Date: Sunday, March 13th, 2005, 02:10
We received a lot of emails, many ask us some funny questions, the followings will give a better understanding of Pat-rights to your readers…
re: Pat-rights demands 12% from Apple(cont’d)
I am Mark Neilson, Director of Pat-rights.
We received a lot of emails, many ask us some funny questions, the followings will give a better understanding of Pat-rights to your readers :
What is Pat-rights ?
Pat-rights is an International company, not Hong Kong, it owns a portfolio of “Intenrnet user identity verification” patents and patent applications, and they are essential for Internet digital content distribution etc. Pat-rights will enter into the Internet digital content distribution market soon and it’s headquarter will be in USA.
Apple not patent “Computer registration”= “willful Infringement” of our US Patent 6,665,797 ?
We do believe so.
Look at Apple’s “Computer Registration” procedures-it requires a user to submit, by means of an Internet computer, his financial account info to their server, verify the validity of the info, authorise itune software to bind itself to the hardware of the user Internet computer so as to prevent the itune software to be use on other computers and thereafter, play music tracks on that user internet computer, without repeated payment for the sound tracks. This infringing US Patent 6665797, claims 6, 18, 20, 21 etc.(http://www.pat-rights.com/ComparisonChart.doc)
Let me ask you one question. If you were Apple and this was an original idea of your own, would you try to patent it and file an application at least? or let Microsoft or any other party to freely use it and make yourself to compete with them in the market ?
Our PCT patent application PCT/IB99/02026 was published on June 28, 2001. They got the patent info and made use of the invention to sell sound tracks in 2003.
Is “12%” too much?
Before I answer you, I have to tell you our story.
We sent a copy of our allowed patent application to Apple early in September 2003, before the patent 6665797 was published in December 2003. Thereafter, we sent many others. There was no response.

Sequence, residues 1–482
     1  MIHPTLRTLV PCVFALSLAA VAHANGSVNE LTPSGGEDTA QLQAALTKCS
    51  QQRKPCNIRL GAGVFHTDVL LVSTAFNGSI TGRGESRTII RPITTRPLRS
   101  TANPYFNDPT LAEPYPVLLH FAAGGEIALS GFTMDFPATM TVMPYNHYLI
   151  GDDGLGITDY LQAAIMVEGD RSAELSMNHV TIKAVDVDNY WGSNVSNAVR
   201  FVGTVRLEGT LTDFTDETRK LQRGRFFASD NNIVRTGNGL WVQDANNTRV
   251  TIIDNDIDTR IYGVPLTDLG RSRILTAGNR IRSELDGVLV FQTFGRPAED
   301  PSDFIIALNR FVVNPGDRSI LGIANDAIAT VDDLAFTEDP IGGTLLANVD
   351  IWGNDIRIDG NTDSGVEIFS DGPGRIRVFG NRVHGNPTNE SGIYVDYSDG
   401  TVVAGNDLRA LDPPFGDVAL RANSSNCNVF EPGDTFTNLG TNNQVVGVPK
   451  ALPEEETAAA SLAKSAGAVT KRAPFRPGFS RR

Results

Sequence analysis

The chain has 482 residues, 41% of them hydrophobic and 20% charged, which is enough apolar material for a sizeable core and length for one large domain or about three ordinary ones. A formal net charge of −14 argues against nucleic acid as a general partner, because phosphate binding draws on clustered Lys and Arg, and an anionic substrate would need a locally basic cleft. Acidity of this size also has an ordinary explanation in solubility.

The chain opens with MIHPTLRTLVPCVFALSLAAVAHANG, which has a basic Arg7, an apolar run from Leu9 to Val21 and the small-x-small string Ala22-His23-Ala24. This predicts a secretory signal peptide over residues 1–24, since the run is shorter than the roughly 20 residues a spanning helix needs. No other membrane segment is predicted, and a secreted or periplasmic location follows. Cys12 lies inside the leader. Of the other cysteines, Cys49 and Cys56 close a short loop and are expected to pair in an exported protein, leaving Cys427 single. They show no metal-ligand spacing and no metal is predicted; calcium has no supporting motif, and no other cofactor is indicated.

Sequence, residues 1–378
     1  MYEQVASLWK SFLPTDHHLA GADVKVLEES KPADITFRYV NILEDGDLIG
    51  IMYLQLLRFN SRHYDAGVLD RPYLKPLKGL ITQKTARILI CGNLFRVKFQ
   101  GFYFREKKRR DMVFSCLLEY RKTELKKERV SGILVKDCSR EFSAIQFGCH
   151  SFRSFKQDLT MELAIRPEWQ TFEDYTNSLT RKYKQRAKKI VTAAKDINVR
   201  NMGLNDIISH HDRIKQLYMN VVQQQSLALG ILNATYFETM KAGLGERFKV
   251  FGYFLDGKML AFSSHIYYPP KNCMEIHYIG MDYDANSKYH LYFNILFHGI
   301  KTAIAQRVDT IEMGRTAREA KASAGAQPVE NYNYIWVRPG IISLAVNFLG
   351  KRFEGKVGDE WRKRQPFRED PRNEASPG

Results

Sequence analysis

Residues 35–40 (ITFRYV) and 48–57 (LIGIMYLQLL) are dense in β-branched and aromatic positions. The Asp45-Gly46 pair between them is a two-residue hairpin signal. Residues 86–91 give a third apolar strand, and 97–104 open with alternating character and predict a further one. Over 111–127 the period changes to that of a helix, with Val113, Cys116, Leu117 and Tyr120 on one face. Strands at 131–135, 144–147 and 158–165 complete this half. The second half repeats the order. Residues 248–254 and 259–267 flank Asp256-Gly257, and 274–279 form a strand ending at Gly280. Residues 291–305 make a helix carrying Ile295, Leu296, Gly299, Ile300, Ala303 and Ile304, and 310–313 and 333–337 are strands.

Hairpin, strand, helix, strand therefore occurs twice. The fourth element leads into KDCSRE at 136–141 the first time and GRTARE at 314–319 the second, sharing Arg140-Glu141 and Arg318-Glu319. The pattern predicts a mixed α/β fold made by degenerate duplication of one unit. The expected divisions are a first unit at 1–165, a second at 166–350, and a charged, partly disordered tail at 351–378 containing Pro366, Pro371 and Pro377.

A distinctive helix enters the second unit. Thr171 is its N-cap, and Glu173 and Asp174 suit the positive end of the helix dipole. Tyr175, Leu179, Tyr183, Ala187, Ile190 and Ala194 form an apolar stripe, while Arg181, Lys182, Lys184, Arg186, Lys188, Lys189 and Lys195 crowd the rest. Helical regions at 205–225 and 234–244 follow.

Apple uses our invention, pays us no license fee, not a word of thank you and has no prior art to beat down the patent(http://www.pat-rights.com/news.html). But they get hugh profits and people curse us, say that we are thieves, our patent is stupid.
If Apple cannot use our invention, they can’t sell music tracks, and they will have to offer subscription services, like what Napster is doing. One measure of reasonable license rate in courts is the realised profits that should be credited to the invention. This is a simple mathematic-the profits of Apple minus that of Napster, the court will rely on this figure. Of course, there are other minor factors to be considered. The actual damages determined may well exceed 12%.
Any “Prior Art” ?
Before our invention, or a few years ago, the only known methods used to protect paid and copyable software from unauthorized copying, is by means of a piece of special hardware. Such methods are useless.
The only useful prior art in selling sound tracks we know is burning sound tracks into CDs, and place the CDs in retailor shops for sale. If Apple has no other prior art and they don’t want a license from us, then they should consider very carefully how to make use of this prior art.
Is Pat-rights going to sue Apple?
This depends on the negotiation progress.
Any progress now?
Apple gives me a strong feeling that this company is not going to be a good partner in our future development. I am observing.
Kindly let me know if you have other questions and when the story is published.